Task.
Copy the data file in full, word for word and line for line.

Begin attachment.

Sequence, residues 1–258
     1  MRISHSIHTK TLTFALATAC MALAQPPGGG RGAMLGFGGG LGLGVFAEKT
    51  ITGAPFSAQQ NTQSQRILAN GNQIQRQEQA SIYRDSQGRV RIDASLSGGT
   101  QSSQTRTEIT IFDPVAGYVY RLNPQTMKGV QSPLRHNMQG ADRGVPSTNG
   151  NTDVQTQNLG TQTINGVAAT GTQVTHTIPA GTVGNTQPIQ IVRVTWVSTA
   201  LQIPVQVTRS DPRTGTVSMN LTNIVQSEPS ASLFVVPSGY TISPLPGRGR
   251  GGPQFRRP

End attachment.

Sequence, residues 1–258
     1  MRISHSIHTK TLTFALATAC MALAQPPGGG RGAMLGFGGG LGLGVFAEKT
    51  ITGAPFSAQQ NTQSQRILAN GNQIQRQEQA SIYRDSQGRV RIDASLSGGT
   101  QSSQTRTEIT IFDPVAGYVY RLNPQTMKGV QSPLRHNMQG ADRGVPSTNG
   151  NTDVQTQNLG TQTINGVAAT GTQVTHTIPA GTVGNTQPIQ IVRVTWVSTA
   201  LQIPVQVTRS DPRTGTVSMN LTNIVQSEPS ASLFVVPSGY TISPLPGRGR
   251  GGPQFRRP